At this founding convention, facilitated by retiring CAW President Ken Lewenza, the new union leadership moved forward by engaging in exactly the same kind of rhetoric it engaged in the day before when the CAW held its final convention: the usual “we fought for this, we fought for that.” So if we ask the question “what kind of union is Unifor likely to be?” I’m going to say it will be just a larger, more tightly controlled Old Boys’ club.
I had the privilege of being a first-time delegate at this merger convention and I wasn’t expecting anything more than the same words I’ve been hearing for the 15 years I’ve been a CAW member. I expected sycophants giving their orchestrated standing ovations and speeches as expected. But the unexpected happened: the delegates offered some criticism and even some democracy, rarities in these patriarchal organizations that are traditionally plagued with appointed reps, nepotism and tokenism.
A sister, Kerry Ann Taylor, from the former CEP Local 232 spoke out about the lack of women and people of colour in the presentation of the new union. This led other delegates to say that it was only the Old Boys playing starring roles, and that this was the underlying culture of this historical event: the CAW leaders, all men, were controlling the democracy. This set the stage for the elections of the new national leaders of this new union, as Dave Coles, retiring President of the CEP, opened the nominations.
The anointed prince for the position of Unifor’s first National President was the CAW’s Jerry Dias. He is a careerist official who has been a union representative for most of his working life in the CAW, a self-titled “rank and file man” who spent most of his time in office. Then a challenger was nominated by Bruce Allen, militant activist and Vice President of former CAW Local 199. After a compelling introduction he nominated me for National President, not only the first rank-and-file member to contest the top position in Unifor or the CAW before it but also a woman.
Instead of controlled democracy we had democracy forced from the floor. This developed further: when Coles wouldn’t allow the candidates to speak, the delegates spoke out and demanded it. I received 17.49% of the vote, a great indication that many delegates were not happy founding a new union on old guard practices. I campaigned on a platform that we must be the change we want to see, with One Member One Vote for national officials and nominations open to the rank-and-file. My leaflet stated “Lindsay Hinshelwood recognizes that solidarity knows no borders and the struggle against the austerity agenda cannot be effectively fought just in this country. She does not endorse reducing workers to being competitors, competing for lower wages, undercutting each other and impoverishing all, rather she believes in forging international solidarity.”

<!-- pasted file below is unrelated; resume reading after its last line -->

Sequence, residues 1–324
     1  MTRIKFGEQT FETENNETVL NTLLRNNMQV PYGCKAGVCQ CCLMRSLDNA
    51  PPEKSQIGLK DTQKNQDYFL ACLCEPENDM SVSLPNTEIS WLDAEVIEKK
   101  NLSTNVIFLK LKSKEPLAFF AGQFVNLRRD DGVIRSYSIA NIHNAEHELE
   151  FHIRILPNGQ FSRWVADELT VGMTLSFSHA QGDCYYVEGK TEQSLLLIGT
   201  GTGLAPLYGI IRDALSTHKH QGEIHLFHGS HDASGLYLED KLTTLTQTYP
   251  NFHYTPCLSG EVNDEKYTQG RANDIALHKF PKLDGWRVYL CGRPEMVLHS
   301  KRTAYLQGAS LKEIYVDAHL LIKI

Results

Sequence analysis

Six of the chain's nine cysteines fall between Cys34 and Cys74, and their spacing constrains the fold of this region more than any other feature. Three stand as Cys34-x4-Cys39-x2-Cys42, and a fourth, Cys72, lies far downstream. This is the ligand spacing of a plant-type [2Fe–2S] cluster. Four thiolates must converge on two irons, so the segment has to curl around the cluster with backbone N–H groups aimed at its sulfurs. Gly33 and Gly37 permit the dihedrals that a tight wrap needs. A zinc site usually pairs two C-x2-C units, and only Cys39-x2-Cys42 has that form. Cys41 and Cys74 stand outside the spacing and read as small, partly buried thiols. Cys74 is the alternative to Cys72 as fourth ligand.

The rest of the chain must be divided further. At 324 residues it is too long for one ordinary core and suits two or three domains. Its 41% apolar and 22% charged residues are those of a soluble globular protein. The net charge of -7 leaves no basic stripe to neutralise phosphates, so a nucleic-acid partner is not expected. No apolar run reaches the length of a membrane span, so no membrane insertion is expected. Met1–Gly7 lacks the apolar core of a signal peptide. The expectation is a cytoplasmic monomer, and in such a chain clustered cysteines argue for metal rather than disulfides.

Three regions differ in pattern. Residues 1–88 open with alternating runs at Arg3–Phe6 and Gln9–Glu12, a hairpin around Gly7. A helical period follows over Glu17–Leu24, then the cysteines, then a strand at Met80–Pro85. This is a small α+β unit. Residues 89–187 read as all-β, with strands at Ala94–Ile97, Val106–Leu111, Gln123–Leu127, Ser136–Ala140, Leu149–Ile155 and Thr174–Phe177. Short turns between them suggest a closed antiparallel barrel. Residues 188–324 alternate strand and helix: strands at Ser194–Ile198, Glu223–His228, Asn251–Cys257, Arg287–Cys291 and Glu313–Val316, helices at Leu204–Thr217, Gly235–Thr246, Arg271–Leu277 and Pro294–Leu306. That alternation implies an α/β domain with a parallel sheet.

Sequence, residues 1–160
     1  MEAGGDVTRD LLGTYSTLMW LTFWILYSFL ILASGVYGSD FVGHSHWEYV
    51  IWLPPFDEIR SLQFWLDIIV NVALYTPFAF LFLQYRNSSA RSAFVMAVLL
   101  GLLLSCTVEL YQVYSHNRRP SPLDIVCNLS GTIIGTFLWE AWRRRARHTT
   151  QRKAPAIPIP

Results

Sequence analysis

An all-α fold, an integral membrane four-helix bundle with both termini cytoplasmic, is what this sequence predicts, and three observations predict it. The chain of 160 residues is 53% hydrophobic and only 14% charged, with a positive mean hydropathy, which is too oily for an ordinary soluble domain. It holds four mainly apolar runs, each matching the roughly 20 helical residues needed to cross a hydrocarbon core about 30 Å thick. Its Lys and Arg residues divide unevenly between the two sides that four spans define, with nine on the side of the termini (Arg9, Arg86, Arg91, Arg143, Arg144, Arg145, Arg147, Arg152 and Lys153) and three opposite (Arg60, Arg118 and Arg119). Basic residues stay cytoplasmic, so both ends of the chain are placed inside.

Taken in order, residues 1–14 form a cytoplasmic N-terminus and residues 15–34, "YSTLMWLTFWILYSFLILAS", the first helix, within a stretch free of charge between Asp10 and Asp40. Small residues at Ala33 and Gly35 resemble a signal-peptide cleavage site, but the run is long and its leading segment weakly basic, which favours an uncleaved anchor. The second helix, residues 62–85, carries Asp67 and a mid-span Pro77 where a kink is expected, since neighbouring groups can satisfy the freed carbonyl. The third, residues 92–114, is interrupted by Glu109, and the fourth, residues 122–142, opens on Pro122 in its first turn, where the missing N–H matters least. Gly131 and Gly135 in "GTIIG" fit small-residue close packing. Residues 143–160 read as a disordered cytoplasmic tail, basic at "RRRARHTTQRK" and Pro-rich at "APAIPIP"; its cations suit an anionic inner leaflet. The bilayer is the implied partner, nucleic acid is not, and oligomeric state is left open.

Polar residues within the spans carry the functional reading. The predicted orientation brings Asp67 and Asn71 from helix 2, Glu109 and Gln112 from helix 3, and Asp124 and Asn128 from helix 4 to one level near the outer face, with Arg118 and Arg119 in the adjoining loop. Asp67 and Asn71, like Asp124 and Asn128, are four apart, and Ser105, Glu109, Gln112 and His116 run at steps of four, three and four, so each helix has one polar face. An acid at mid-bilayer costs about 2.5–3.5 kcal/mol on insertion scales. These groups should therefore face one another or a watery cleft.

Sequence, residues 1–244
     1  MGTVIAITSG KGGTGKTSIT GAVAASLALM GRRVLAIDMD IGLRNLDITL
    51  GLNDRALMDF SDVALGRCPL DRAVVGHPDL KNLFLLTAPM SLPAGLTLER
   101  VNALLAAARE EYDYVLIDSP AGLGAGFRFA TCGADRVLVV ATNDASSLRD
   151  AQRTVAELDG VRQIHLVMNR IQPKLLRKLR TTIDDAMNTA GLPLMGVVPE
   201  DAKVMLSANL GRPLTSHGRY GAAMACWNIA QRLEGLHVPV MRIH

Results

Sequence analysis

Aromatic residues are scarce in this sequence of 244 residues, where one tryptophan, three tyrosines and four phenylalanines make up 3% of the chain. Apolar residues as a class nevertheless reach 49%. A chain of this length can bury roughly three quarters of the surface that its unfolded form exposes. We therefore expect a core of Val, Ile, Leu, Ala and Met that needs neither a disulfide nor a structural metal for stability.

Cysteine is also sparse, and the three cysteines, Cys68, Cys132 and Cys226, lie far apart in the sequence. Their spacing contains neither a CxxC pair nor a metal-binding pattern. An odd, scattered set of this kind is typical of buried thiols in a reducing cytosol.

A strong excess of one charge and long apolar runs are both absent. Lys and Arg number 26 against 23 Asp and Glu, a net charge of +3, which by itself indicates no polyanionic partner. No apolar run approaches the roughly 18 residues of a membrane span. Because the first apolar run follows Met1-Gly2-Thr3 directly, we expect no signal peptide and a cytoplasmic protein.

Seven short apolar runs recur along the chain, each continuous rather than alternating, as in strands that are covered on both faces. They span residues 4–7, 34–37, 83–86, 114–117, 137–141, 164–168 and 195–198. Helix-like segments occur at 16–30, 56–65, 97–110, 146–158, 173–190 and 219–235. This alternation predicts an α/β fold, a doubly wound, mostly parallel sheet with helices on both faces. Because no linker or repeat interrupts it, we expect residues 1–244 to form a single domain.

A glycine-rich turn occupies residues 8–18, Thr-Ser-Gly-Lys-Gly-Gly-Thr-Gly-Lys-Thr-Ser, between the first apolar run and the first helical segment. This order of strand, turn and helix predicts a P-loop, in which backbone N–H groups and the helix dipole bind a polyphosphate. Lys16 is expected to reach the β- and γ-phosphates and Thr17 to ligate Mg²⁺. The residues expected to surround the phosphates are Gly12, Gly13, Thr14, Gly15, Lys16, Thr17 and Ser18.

With the election over and the other 24 nominees acclaimed, it was time to review and adopt the new Constitution and Vision, and this is where the union remains the same. There are few changes in the policies and procedures except that the role that the Public Review Board played in the CAW, as a body to which rank-and-file workers can make appeals, becomes diminished. The new vision implies that concessions are sometimes necessary, a frightful statement coming from the collaborationist, concession-seeking CAW officials. There is a plan to somehow include workers who work in non-unionized workplaces or who do not have jobs. This is a twisted irony for the Unifor members who are low-waged supplemental workers on General Motors’ assembly lines who pay union dues but are not protected under the collective agreements.
Overall, the microphones were stacked with servile officials harping on about how good the union has been for them and these performances were always met with thunderous applause. However, there were also many delegates who addressed the floor on issues which concerned workers, issues which Dias just glossed over.
The merger does come with a glimmer of hope for change, and that will come from future delegates and members who demand change, contest the tradition of appointments and acclamations for national level positions, continue to publicize their critique of the union and raise the issues which concern them. The delegates of the founding convention forced a historic election, which has been more or less ignored by the new Unifor. I fear the driving down of workers will only accelerate before any progress is made.
Lindsay Hinshelwood is a member of Unifor Local 707 (Ford Oakville). She has been referred to as “the most outspoken critic of the CAW.”